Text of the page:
Increasing Rent Rates, will it stop?
As most of us know, we are seeing major recovery in the real estate and rental market. Note I said recovery, not inflation – yet. Generally speaking, we are recovered to about 2005 levels. Not yet height of the market “boom” prices, but we are still recovering. There is quite a bit of buzz regarding new construction, homes to be built on spec, and even rental complex/apartment construction – mostly based on the assumption that the market will continue to grow and improve (hence the “spec” or “speculation”)
As we know, the key driving factor is demand. The availability of homes for sale in the affordable price range is minimal, and rental supply even worse. With that said, I agree that there is a fairly safe bet for investment potential.
The above said leads me to predictions for the question. My response is – I hope that is slows, or better yet, quickly recovers to reasonable degree, levels off, and stays on par with inflation. We need to remember that there is a fine balance between a return on an investment, and real world effects. The result of too much supply too quickly coupled with National ecenomic factors (which will always be in play) is still all too fresh in my mind. We must also remember who we are in Teton Valley. I believe we will always be the “quiet side of the Tetons” a family oriented community supported by our own tourism, and proximity to Jackson and Idaho Falls. We cannot directly compete with Jackson, and we should not. We have a niche here with semi-resort real estate prices that is still an attractive place for an investor, and/or a resident.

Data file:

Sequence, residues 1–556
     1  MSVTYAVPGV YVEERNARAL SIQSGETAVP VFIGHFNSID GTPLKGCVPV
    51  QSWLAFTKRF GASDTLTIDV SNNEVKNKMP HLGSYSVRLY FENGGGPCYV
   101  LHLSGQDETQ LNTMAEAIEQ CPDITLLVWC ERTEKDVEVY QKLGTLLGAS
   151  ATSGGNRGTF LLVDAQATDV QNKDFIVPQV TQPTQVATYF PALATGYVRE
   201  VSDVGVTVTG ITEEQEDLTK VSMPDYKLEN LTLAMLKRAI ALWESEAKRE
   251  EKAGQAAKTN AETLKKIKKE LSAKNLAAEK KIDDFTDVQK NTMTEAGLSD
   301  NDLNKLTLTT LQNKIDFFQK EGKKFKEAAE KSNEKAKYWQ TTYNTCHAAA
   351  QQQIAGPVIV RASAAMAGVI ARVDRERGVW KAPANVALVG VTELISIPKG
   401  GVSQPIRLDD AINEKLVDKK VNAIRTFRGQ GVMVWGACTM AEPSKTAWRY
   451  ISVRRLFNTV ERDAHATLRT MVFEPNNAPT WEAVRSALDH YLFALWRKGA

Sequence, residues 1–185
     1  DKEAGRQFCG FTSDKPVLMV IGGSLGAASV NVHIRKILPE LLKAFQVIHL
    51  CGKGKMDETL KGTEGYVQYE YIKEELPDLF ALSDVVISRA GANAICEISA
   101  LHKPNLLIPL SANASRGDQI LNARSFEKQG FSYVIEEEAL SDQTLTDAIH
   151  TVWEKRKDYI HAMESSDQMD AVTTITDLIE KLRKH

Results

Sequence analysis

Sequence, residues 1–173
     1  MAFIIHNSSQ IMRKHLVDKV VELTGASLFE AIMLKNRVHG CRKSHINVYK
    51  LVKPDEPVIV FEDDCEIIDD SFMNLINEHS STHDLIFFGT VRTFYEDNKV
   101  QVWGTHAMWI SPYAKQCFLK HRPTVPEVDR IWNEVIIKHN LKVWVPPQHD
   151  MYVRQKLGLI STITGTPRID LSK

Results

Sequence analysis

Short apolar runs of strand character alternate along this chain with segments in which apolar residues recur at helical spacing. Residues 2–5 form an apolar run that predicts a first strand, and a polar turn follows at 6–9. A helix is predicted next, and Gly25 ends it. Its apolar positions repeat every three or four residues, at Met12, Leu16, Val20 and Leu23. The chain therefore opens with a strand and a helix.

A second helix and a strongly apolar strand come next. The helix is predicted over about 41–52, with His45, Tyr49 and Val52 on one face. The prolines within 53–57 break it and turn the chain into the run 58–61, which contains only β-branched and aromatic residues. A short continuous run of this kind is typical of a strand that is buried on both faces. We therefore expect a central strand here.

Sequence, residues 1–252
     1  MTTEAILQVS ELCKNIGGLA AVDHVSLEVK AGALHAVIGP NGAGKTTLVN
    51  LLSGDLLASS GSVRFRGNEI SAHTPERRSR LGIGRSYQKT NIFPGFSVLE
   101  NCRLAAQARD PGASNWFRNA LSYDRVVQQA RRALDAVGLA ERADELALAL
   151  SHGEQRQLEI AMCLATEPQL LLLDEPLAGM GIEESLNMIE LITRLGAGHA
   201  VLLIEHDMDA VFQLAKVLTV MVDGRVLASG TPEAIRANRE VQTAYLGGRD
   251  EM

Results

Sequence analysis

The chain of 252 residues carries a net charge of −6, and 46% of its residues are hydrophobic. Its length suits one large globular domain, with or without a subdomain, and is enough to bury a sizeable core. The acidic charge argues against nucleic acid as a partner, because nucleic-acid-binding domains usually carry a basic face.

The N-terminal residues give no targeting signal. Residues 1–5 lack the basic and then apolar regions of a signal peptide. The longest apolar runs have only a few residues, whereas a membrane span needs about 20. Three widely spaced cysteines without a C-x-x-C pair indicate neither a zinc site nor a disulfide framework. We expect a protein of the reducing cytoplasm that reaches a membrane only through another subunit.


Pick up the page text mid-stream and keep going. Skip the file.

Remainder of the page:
In my opinion, we are competing for a population and commerce, but more so with areas like Alpine, WY or Rexburg, ID. If prices here become unobtainable for most (such as Jackson) the vast majority of those who support us will not be able to afford to live here. This is particularly true with rental rates. In times where supply is dangerously low, the sky’s the limit. This is a perfect opportunity for investors and owners to take advantage of the market – as they should. However, I do caution our community. We need to remember that we must work together to support each other. We still have shoulder seasons. If the cost of living becomes too high for a meal, a service, or a rental, our community will look for alternatives they can afford.
So, here’s to continued growth, recovery, and profitability – in responsible, high quality, Teton Valley Style!